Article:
View details for DOI 10.1186/1710-1492-10-7

    View details for PubMedID 24576338

  • The Impact of Food Allergies on Quality of Life PEDIATRIC ANNALS Bacal, L. R., Nadeau, K. C. 2013; 42 (7): 141-145
  • The impact of food allergies on quality of life. Pediatric annals Bacal, L. R. 2013; 42 (7): 141-145

    Abstract

    CME EDUCATIONAL OBJECTIVES 1. Recognize and appreciate the impact of food allergies on psychosocial health. 2. List the factors that have been shown to negatively affect health-related quality of life. 3. Understand how physicians can directly help to improve a child's quality of life while living with food allergies. Food allergy is a serious problem affecting a growing number of children worldwide. There is a large body of evidence supporting the detrimental effects that food allergy can have on a child's quality of life. With validated tools, we can identify these children and focus on how to protect, guide, and help them to live a safe life. Recent research articulates how food allergies impact health-related quality of life (HRQL). There are studies reported from the child's perspective, as well as studies reported from the parent's perspective. With the development of validated disease and age-specific questionnaires, researchers can reliably gather data on the psychological aspect of children with food allergies. The purpose of this article is to provide a review of the literature examining the psycho-social impact of food allergies on children. This article was designed to outline suggestions to help physicians care for the whole child - both mind and body.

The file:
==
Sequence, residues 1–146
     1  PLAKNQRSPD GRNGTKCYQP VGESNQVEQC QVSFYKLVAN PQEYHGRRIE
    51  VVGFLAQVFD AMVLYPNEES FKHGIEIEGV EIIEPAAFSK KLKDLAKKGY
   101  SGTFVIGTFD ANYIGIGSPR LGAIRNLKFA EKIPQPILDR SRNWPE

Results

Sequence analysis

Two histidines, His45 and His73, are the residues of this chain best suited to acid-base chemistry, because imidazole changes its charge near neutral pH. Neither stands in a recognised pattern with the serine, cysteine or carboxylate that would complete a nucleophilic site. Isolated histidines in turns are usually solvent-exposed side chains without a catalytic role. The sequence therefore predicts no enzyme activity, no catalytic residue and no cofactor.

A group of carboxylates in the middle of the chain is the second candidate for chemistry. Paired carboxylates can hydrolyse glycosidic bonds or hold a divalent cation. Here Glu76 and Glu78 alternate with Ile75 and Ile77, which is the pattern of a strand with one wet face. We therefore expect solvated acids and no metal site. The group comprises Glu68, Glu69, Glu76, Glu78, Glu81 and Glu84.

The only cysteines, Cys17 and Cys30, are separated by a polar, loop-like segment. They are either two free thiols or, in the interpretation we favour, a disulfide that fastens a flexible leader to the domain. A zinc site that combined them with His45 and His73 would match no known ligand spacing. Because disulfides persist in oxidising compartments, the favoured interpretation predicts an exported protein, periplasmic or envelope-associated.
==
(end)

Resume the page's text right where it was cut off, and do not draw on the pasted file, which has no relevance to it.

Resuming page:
View details for DOI 10.3928/00904481-20130619-12

    View details for PubMedID 23805962